Monday, April 30, 2012

UNAM Social Work Exchange

The second week of April, the Social Work students of CGE had the great opportunity of taking part in an exchange with the students from the Escuala Nacional de Trabajo Social (ENTS). This school is the smallest in all of the Universidad Nacional Autónoma de México (UNAM), having about 3,000 alumni. However, it is practically the same size as the private schools in Minnesota we come from (Augsburg, St. Olaf, and St. Kate's), but different in that it is completely dedicated to social work. 

During our time at ENTS we had the chance to see how social work is done is Mexico through speaking with professors, spending time with students in their practicums, attending classes, and taking a tour. We learned that attending ENTS is completely free for all Mexican citizens besides the 30-cent charge for the piece of paper used for registration each year.  The school puts a great emphasis on the importance of research in social work, which was somewhat a new idea for me. 

The students have three different internships throughout their undergraduate schooling, and each begins with doing a diagnosis of the problem the population they are working with is facing.  Not until extensive research is complete and a plan of action is developed can the students begin to work one-on-one with the people. Another area of difference in the practicum is that the UNAM students work in groups as opposed to what we’re used to - working alone at different agencies. These groups of interns work as a team and provide support to one another. They divide the work and specialize in the topics they’re most interested in.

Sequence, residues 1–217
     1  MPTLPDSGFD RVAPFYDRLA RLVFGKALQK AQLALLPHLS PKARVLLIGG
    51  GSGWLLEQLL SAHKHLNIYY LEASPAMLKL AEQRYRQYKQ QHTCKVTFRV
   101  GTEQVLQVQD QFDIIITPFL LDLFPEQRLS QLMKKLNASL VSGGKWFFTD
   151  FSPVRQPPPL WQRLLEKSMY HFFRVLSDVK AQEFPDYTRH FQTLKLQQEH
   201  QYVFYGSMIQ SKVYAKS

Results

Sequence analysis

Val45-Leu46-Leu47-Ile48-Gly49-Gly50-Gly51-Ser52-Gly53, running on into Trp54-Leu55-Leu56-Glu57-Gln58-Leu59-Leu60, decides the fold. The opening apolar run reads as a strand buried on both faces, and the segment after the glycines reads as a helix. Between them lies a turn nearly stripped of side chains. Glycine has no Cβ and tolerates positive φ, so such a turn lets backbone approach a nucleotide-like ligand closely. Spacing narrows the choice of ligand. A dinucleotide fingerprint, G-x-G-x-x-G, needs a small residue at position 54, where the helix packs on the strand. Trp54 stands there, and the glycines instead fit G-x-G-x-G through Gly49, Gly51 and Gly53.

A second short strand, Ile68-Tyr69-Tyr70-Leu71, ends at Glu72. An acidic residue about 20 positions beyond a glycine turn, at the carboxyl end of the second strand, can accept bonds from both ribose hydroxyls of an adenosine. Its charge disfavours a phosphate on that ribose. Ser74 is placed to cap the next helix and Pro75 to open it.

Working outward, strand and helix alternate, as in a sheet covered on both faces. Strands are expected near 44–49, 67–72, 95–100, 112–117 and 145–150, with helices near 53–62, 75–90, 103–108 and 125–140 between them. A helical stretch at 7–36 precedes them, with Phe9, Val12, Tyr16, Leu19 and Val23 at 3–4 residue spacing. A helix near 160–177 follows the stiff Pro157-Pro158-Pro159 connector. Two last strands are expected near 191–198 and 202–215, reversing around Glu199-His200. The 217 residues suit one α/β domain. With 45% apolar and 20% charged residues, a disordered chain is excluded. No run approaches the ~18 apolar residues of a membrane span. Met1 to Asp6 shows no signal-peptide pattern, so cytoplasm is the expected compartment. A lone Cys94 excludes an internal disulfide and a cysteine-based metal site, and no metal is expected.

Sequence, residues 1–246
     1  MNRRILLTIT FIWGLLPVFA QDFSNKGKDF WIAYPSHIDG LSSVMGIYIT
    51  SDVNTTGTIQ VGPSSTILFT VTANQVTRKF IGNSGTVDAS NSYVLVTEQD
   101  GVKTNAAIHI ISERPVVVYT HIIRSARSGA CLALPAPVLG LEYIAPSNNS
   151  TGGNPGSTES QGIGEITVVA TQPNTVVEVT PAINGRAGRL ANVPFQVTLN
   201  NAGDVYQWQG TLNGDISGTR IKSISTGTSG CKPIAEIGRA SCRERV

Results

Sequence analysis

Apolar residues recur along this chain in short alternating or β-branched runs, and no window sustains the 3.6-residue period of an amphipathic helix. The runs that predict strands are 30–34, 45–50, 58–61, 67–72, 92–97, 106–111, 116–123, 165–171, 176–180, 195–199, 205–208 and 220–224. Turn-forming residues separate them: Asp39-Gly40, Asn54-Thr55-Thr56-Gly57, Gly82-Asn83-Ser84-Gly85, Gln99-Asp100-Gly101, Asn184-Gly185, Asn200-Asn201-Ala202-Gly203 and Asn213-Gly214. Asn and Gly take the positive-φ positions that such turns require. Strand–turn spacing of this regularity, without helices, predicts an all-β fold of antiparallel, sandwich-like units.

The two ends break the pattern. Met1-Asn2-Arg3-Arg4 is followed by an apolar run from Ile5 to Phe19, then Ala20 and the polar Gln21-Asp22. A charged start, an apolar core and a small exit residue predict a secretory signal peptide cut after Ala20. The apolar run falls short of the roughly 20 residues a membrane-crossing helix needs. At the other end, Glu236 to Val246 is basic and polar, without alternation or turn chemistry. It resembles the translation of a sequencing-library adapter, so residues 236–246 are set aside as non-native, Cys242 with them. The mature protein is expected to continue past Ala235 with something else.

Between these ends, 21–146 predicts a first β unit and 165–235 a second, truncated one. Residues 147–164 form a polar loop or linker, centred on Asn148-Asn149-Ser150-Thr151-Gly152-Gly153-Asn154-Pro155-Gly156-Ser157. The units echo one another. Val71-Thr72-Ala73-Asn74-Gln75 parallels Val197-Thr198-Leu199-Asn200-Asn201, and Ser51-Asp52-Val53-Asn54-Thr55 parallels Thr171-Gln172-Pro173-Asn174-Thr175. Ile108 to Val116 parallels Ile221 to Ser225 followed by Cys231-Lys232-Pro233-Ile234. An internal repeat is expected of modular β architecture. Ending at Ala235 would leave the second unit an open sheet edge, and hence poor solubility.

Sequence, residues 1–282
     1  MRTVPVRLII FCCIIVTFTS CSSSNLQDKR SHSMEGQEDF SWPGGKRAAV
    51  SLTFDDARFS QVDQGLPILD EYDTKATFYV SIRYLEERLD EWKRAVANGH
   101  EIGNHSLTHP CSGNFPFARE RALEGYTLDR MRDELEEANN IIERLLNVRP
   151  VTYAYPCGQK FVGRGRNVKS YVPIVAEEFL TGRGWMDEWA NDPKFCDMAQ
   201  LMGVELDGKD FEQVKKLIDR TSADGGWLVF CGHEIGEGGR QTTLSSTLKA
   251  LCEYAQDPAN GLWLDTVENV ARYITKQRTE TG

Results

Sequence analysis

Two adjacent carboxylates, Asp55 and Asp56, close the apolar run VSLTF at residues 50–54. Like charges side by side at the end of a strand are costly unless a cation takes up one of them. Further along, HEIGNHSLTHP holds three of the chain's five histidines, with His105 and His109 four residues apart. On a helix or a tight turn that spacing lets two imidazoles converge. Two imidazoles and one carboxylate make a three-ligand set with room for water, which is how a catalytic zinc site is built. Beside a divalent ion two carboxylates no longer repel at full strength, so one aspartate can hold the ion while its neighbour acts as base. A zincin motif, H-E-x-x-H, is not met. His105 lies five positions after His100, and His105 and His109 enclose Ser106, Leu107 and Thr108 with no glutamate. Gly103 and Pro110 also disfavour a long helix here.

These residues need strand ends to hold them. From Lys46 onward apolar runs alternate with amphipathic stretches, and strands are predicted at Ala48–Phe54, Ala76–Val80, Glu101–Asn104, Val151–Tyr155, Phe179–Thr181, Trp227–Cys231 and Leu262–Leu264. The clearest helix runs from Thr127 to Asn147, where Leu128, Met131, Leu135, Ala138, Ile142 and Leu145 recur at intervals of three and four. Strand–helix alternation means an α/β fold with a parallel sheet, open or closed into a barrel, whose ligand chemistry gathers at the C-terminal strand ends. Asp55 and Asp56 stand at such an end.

The bachelor's level social work program at the UMAN is extremely intensive. The students are required to take up to 7 courses each semester in topics similar to ours, but much more extensive. All of the subjects they study purely surround social work topics. A student must know upon acceptance that they want to graduate with a degree in Social Work; while in the US we begin with general courses in order to give students the opportunity to explore different fields. I think each method produces different results. In my opinion, bachelor level college graduates in the United States know a little about a lot of different things, and the ENTS students receive an education more similar to a masters level degree in the US, knowing a lot about one specific thing: social work. In many ways, I think they are more prepared to be professionals with the completion of their degree, but something that was emphasized during our stay was that one system is not any better than the other, they are only different. Now that we have learned about the profession of social work from the Mexicans perspective, what unique things can we share about ourselves in the second half of this exchange?